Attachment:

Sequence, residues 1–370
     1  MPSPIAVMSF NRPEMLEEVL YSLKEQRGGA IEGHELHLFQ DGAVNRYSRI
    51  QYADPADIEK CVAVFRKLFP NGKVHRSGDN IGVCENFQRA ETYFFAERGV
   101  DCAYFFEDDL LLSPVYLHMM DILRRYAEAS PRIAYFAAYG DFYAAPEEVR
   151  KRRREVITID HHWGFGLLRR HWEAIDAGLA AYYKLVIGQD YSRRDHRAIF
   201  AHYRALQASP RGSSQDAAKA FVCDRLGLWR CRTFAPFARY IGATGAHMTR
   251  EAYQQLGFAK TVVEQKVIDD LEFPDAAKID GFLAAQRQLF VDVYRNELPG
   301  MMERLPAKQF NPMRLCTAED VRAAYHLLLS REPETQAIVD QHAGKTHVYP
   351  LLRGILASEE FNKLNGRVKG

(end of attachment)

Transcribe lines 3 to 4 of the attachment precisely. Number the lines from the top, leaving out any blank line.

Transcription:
    51  QYADPADIEK CVAVFRKLFP NGKVHRSGDN IGVCENFQRA ETYFFAERGV
   101  DCAYFFEDDL LLSPVYLHMM DILRRYAEAS PRIAYFAAYG DFYAAPEEVR